I was just about to call it a day when I received a call from an unknown number. For sure, such calls have become common ever since I started penning this diary.
I have learnt not to ignore them unless it is after 8pm.
“I am Njoroge from Githurai. We communicated sometime back through email,” he said.
I could not remember him. On average, I receive about 30 emails every week from readers. For those who call me, I always make sure to save their phone numbers.
That way, I am able to respond better to callers’ needs.
“What can I do for you Njoroge?” I enquired.
“I wish to start hatching chicks as a business and I need your opinion, whether you think this is a good idea?” he posed.
Now, this is a common question I get from readers and if truth be told, hatching and selling day-old chicks to other farmers is arguably the most profitable venture in the value chain because of the low-risk and high-profit margin.
It is only second to formulating feeds and selling to farmers.
I paused for a while because deep down, I knew this was a loaded question, which required an elaborate answer. It reminded me about the egg and the chicken fable, which came first.
The first thing that came to my mind was whether he had considered where to source a reliable incubator.
Many farmers, including myself, have had problems with the machines. In my case, the 500-egg incubator I bought for Sh64,000 went caput after four months.
For sure, many readers call me to ask for advice where to source for reliable machines and I am always at a loss.
Always, my answer is; “Ask the dealer to refer you to three customers he has sold his machines to.
If you find that the machines have remained in good working condition for at least one year and have a reliable hatch rate above 70 per cent, then buy from him. If he refuses to divulge references, take a walk.”
Now, I was relieved when Njoroge said he could source for a reliable machine. I then enquired where he intended to source fertile eggs from.
“I plan to source from other farmers,” he said confidently. Immediately, this raised a red flag in my head.
I told him categorically that buying eggs to hatch or mature birds when you are not sure of the source is risky, particularly when you intend to specialise in hatching day-old chicks to sell.
Besides the fact that you can’t be sure that the eggs you are buying are less than 10 days old, the quality of the parent stock matters a lot. In fact, the many experts I have consulted agree on this.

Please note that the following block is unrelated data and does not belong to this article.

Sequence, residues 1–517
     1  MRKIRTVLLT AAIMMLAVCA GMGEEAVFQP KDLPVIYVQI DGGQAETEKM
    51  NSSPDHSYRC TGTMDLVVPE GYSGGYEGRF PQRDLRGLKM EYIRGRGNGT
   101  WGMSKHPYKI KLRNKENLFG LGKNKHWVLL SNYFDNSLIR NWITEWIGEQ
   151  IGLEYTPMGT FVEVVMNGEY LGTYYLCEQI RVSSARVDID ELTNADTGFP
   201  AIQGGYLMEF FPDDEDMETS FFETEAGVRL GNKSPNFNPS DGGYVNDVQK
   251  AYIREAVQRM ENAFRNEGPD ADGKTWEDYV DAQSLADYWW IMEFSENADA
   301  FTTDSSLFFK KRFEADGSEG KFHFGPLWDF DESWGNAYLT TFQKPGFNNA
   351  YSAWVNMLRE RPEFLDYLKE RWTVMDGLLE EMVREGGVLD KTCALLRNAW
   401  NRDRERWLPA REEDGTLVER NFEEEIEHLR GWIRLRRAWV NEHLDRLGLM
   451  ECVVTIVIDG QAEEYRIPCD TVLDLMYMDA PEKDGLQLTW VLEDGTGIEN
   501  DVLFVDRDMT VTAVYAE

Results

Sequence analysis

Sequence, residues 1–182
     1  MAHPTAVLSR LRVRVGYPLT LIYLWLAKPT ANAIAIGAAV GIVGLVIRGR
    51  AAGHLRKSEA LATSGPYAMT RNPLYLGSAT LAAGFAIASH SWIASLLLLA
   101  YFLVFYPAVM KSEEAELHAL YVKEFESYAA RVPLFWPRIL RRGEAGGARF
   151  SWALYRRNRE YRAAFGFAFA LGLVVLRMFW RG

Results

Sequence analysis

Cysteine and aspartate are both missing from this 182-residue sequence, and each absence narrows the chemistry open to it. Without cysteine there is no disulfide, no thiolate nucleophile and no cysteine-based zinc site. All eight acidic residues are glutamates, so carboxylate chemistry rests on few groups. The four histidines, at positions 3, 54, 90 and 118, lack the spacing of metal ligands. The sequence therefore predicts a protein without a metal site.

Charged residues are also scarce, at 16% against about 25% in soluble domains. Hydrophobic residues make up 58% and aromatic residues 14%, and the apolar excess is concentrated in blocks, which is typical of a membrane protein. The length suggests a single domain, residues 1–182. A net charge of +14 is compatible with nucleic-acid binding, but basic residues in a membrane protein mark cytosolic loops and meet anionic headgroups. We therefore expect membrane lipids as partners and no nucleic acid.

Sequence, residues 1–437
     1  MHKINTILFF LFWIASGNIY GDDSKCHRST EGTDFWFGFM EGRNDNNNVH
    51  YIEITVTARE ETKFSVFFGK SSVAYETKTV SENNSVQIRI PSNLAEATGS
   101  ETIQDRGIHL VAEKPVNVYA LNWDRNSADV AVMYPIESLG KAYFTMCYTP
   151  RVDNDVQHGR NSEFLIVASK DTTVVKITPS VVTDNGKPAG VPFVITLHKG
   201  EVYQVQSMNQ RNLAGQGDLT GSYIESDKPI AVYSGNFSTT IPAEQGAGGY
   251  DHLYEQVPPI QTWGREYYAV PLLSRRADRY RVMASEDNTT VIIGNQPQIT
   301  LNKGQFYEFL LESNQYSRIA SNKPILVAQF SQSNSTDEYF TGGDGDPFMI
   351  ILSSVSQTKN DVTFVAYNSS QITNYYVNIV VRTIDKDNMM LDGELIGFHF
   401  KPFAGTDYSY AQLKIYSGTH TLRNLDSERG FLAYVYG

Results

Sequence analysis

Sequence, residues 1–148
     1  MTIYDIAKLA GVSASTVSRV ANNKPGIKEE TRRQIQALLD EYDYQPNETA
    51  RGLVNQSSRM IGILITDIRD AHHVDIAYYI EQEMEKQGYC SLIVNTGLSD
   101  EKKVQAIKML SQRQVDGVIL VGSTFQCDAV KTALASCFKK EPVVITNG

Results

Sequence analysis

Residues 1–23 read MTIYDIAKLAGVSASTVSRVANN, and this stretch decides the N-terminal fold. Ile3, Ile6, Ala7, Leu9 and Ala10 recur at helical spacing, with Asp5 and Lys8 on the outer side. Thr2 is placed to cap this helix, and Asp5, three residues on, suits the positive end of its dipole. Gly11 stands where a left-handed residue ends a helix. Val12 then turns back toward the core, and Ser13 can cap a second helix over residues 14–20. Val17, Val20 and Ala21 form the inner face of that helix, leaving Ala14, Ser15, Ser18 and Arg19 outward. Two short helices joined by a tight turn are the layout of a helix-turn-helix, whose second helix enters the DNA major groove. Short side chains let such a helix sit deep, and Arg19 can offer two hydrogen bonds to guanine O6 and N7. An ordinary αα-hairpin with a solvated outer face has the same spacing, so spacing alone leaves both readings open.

“Uncontrolled crossbreeding between various lines of breeds of unknown genetic composition results in low stock productivity,” one told me.
At this point, I put myself in Njoroge’s shoes and gave an answer deep from my heart.
“If I were you, I would instead buy day-old chicks from a reliable breeder and use that as my source for fertile eggs to hatch chicks to sell to producers (farmers who buy day-old chicks to rear to maturity for sell as meat and eggs).
ENSURE QUALITY AND CREATE TRUST
In fact, one question that prospective buyers of day-old chicks ask me is, “Is your parent stock from the first generation?”
For a fact, only research institutions like Kalro, universities and top breeders keep such parent stocks.
This means that reliable multipliers (those who hatch day-old chicks for sell to other farmers) should secure their source of eggs for hatching by rearing their own hens because the market is poorly regulated.
Hatching day-old chicks to sell to other farmers is a good business if only you can build a reliable clientele and ensure quality products.
I had more to share with Njoroge during our 10-minute or so telephone conversation. Unless you are an established multiplier like Kalro or Kenchick with access to ready buyers, hatching chicks to sell should not be an end in itself.
Consider rearing your own birds to maturity for sell of eggs and meat and also use the eggs as a source for hatching chicks for sell to others.
In simple terms, diversify. Ensure quality and create trust among producers because the hatching and sell of day-old chicks as a business, being in its infancy stages requires nurturing.